Peer acceptance is a huge thing for adolescents, and many of them care about their image. So, kids can spend hours trimming their online activities, trying to portray a popular image. Adolescent girls frisk through thousands of photos, too acute over which ones to post online. Boys compete for attention by trying to overcome others, by pushing the envelope as much as they can in the already offensive atmosphere online. Kids gang up on each other. The cases of cyberbullying and frauds are much common these days and the sole reason behind this is Social Media. The comparison of others’ with one’s self creates many furies among the fragile generation. The evil eyes of the society can humiliate or use the pictures uploaded for any sort of inhuman activity which creates much havoc. Body shaming, which is a crime in the eyes of law, is also promoted openly on social media platforms.
Social Media provokes Suicidal Thoughts
The media cares to publicize videos and social media posts to inform the country of the rising trouble, which may create a favoured appeal to the fragile and immature minds of the adolescents. Social media could provide higher risks with the promotion of different kinds of pro-suicidal sites, messages, chat boxes, and forums. The role the Internet plays (social media) to be more precise, in suicide-related behaviour is a topic of growing interest.
Some of the well-known suicidal apps were [ii]The Blue Whale Challenge, Alt. Suicide. Holiday, Momo Challenge Hoax, Suicide Pacts and many more. Such heinous internet games were considered as sources of entertainment once but were soon banned by the government after leading to much suicide of the teens, especially.
Suicide and Suicide-Related Behaviour
Suicide is a fatal word that calls to take priority as a major global health concern. It is simply taken as a cowardice act of an individual to end his/her life, voluntarily. In the so-called modernized society, suicide is the main cause of deaths suffering from depression, taming, bullying, comparison and many more. [iii]However, it may vary from age groups and sex and certainly, no one is immune to it. Suicidal thoughts or suicide can also be prevented as it can be shown through signs and behaviour provided, if detected at an early stage, by going through counselling sessions or any kind of advice to the concerned person.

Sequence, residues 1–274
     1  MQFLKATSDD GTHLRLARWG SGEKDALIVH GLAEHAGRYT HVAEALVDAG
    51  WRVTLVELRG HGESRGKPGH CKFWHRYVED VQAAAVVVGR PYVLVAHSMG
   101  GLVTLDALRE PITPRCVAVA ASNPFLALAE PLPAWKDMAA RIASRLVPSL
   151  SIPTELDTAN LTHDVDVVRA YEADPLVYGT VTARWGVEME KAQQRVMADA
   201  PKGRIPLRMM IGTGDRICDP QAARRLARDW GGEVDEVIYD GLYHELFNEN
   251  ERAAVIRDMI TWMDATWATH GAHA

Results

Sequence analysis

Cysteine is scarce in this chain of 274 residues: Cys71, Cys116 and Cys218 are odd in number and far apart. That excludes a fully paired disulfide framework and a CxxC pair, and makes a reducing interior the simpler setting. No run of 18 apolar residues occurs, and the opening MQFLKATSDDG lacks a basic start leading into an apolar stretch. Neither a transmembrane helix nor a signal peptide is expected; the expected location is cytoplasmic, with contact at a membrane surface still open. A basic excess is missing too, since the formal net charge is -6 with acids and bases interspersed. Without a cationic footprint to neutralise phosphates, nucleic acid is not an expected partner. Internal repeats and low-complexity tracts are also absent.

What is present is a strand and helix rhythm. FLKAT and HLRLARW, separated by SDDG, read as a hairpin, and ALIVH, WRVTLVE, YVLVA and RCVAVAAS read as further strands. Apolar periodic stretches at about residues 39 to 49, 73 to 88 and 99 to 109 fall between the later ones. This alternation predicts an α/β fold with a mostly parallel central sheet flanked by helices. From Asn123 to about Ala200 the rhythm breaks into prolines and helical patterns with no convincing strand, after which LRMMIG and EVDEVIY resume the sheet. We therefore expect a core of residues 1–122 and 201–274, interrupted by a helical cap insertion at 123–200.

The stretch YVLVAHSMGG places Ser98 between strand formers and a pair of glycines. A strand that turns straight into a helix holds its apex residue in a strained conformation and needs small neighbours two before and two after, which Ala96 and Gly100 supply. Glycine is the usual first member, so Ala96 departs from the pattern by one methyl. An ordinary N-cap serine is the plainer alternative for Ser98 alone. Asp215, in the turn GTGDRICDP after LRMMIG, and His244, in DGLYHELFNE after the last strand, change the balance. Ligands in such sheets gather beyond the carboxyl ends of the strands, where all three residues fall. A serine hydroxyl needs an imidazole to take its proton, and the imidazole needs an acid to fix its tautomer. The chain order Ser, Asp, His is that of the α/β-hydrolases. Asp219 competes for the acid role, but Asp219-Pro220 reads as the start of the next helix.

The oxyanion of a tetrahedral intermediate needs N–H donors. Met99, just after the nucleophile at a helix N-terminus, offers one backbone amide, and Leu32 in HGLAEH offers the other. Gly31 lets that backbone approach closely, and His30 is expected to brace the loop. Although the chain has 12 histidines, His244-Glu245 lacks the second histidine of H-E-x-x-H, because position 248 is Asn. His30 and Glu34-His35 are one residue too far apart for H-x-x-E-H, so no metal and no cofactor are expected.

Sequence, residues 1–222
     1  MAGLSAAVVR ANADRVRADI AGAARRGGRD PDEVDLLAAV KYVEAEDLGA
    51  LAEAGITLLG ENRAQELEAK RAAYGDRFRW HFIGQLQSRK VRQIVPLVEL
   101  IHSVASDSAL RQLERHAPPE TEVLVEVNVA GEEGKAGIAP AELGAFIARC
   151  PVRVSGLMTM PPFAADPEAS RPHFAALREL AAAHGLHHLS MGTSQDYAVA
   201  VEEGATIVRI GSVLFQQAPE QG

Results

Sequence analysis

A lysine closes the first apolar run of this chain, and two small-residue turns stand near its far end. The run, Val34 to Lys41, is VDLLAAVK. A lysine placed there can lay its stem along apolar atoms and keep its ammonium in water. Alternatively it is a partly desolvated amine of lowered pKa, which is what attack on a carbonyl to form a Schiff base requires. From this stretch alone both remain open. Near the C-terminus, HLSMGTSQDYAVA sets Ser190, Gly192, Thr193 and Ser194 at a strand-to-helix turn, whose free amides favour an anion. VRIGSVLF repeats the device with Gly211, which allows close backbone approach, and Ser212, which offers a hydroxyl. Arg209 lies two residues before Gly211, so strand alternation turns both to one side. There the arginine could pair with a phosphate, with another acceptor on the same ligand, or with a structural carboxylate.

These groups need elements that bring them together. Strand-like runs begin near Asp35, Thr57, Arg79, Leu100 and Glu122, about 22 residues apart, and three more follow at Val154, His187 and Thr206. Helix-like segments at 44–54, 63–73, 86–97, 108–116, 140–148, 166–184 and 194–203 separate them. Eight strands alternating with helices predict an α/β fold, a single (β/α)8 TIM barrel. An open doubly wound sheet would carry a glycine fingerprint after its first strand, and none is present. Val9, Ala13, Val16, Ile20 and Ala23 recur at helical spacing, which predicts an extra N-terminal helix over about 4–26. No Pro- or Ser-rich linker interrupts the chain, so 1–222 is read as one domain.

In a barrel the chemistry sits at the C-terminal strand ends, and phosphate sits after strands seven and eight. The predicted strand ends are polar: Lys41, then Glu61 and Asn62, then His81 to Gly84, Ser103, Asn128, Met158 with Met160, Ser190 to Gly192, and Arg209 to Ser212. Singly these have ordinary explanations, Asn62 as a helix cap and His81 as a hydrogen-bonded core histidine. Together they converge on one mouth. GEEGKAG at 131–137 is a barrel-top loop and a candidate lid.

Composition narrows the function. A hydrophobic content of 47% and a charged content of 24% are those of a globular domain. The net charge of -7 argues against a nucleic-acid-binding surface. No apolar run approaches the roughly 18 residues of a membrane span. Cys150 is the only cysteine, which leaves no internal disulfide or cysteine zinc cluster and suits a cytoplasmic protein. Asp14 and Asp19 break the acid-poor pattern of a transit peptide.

Social Media is needed to connect with people throughout the globe, but however excessive use of anything often leads to disastrous effects. The same happens with the teens as well. Social media, if used in a regulatory manner can be a boon to everyone rather than getting bullying online which leads to depression and then suicide. It has both disadvantages and the advantages, which depends on how one utilizes it. Suicide is never a solution to any kind of problems, rather facing it with utmost guts and solving with proper implementation of mind won’t create such brutal voluntary deaths.
[i] Social media, internet use and suicide attempts in adolescents- JAMA Psychiatry, Vol 32, Issue 6, pg 534-541
[ii] Dasgupta, Rana (2017-08-29).
[iii] Suicide and Self-Inflicted Injury- 2011